Having taken a break for the sequel to 1958’s Dracula, the Count returned to Hammer after having left all the hard work to Baron Meinster in 1960’s Brides of Dracula. 1966’s Dracula Prince of Darkness is missing only one element that would allow it to become the strongest in Hammer’s canon. Christopher Lee returns as the count but sadly missing from the film is Peter Cushing’s Van Helsing who would no doubt elevate this film to sheer perfection. Dracula Prince of Darkness concerns itself with the fate of two couples travelling through the Carpathian Mountains.
These two couples gradually reverse roles throughout the film with character traits switching as the scenarios, deaths and the infection of vampirism change them. Having been stranded in the middle of nowhere, a mysterious, driverless coach collects them from their misfortune and takes them to a nearby castle feared by the locals.
The film is stocked full with Hammer clichés but is all the better for it. As previously stated, the only element missing is Peter Cushing but Andrew Keir’s Vampire fighting Monk is a worthy and entertaining substitute. Unfriendly locals, day shots with night filters on, a wonderfully overblown score by James Bernard and religious overtones all add to the check list of Hammer clichés yet they seem to fit here far better than any other.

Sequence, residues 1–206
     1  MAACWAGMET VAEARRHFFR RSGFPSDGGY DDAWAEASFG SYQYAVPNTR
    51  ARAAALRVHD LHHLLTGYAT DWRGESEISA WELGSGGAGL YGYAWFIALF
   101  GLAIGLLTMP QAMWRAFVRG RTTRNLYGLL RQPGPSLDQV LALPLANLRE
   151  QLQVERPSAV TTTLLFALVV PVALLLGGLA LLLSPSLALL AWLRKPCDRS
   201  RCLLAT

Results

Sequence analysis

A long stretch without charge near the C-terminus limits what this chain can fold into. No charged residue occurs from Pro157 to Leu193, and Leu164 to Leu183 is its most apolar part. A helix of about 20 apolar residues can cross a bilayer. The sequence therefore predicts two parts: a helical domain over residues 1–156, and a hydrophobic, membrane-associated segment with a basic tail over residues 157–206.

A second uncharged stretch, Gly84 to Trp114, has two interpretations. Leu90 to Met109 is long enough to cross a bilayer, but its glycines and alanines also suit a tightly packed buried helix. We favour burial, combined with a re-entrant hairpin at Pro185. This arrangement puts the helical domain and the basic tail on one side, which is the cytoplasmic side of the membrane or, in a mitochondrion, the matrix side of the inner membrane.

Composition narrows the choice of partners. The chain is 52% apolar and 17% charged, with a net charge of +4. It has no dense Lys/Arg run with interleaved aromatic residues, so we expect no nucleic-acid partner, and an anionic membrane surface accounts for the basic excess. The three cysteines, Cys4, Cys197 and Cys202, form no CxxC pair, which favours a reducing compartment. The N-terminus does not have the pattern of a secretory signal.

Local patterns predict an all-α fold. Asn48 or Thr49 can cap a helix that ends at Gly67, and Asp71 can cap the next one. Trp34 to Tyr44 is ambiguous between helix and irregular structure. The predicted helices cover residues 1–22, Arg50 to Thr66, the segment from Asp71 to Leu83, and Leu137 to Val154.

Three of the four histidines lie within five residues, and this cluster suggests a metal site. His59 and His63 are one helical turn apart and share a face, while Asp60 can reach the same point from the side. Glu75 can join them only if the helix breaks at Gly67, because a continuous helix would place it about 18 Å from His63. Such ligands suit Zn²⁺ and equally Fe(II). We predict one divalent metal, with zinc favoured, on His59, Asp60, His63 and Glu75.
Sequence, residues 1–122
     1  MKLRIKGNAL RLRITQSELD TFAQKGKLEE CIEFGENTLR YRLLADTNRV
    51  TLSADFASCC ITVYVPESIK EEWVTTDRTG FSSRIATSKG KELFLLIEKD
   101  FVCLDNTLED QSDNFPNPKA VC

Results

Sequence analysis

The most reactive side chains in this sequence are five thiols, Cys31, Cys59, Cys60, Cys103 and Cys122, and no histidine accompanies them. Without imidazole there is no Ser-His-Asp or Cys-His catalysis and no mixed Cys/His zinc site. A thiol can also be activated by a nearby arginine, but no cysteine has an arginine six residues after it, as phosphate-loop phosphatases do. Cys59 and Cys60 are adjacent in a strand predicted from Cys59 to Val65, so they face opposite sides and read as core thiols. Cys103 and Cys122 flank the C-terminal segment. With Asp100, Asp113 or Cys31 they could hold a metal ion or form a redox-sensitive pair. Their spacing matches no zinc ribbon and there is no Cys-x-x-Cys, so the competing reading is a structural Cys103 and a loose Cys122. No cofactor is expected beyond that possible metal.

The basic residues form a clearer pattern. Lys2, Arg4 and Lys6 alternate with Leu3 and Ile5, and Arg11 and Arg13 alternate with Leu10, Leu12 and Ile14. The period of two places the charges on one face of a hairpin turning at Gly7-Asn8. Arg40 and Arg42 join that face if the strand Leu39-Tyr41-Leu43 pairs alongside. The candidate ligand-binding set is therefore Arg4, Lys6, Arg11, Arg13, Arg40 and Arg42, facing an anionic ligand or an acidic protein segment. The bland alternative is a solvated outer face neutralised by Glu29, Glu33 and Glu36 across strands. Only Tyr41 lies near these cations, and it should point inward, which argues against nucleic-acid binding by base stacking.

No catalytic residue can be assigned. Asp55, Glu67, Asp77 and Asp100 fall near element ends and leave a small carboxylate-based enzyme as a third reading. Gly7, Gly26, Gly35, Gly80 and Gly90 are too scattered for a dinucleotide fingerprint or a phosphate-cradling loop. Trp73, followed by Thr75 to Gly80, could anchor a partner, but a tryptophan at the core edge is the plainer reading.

Christopher Lee’s resurrection is perhaps the most disturbing of the series and Barbara Shelley makes this so with a stunning performance, highlighted in her reaction to finding her husband hanging in the dungeon with his throat cut. In fact, it would be an understatement to say that she’s one of Hammer’s most enigmatic actors.
Her transformation from distressed wife to powerful, almost rabid vampire out does Lee, Peel and numerous other portrayals of vampirism. If proof were needed simply viewing her final scene with the transformation back to a mere deceased woman is a defining moment in Hammer Horror. That’s not to say Christopher Lee doesn’t pull his weight either. His slick but menacing presence is all that is required to amp up the tension.
Like in many of the Dracula films, his desire to have the woman attached to the main protagonist results in much of the drama in the latter half of the film. Enlisting the help of a madman looked after in Father Sandor’s monastery, he spreads his evil further in his desire for the Charles Kent’s wife, Diana. The film ends with another of Hammer’s wonderful eccentricities; the horse and coach chase. No other film company quite manages to quite capture the sound and the thrill of a coach and horse and it is never bettered in the sequels than here.
The film’s only weak point is the dispatch of Dracula himself which seems a bit unimaginative when compared to Meinster’s inventive dispatch in Brides of Dracula. However this is a mere blip in an otherwise brilliant film in the Dracula series and is without doubt the strongest and most dramatic entry. Absolute quintessential Hammer.